I have written before about how climate change deniers never retract an argument, no matter how thoroughly debunked and discredited it has become. By contrast, climate scientists admit their mistakes, which can make them seem less credible than the hyper-confident advocates of inaction.
Doubt-mongering also works because we think science is about facts – cold, hard, definite facts. If someone tells us that things are uncertain, we think that means that the science is muddled. This is a mistake. There are always uncertainties in any live science, because science is a process of discovery. Scientists do not sit still once a question is answered; they immediately formulate the next one. If you ask them what they are doing, they won’t tell you about the work they finished last week or last year, and certainly not what they did last decade. They will tell you about the new and uncertain things they are working on now. Yes, we know that smoking causes cancer, but we still don’t fully understand the mechanism by which that happens. Yes, we know that smokers die early, but if a particular smoker dies early, we may not be able to say with certainty how much smoking contributed to that early death. And so on.
There is much that is laudable about the way scientists communicate their ideas – cautiously, with reference to evidence, and so on – but it is also easy to see how public relations people looking to discredit scientific conclusions can use quirks in scientific communication to their advantage.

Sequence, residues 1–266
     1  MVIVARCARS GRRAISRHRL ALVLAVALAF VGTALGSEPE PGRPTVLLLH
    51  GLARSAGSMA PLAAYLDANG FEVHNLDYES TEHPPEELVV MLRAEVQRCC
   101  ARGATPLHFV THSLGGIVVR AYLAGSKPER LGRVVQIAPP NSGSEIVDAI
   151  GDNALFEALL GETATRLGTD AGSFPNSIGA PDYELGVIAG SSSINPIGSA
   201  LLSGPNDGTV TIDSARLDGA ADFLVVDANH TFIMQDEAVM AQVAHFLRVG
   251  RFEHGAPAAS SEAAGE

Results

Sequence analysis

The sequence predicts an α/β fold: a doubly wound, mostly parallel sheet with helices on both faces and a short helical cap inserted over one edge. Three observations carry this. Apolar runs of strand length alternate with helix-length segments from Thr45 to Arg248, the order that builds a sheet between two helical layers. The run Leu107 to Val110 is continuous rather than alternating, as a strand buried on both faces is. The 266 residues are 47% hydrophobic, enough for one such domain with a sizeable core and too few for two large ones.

Thankfully, it does seem that climate scientists are becoming more savvy about media relations, and are increasingly making the point that choosing to do nothing while even more evidence is accumulated is a reckless strategy. We cannot wait for all aspects of the science to be settled; rather, we need to start taking precautionary action now, before the worst impacts of climate change become measurable.
A case in point is Canadian climatologist Andrew Weaver’s libel suit against The National Post, which alleges that they misrepresented his views, in the wake of the University of East Anglia email scandal. The paper misinterpreted his criticisms of elements of the IPCC process as evidence that he had rejected the key elements of climate science. It is good to see him being active in pointing out that miscategorization.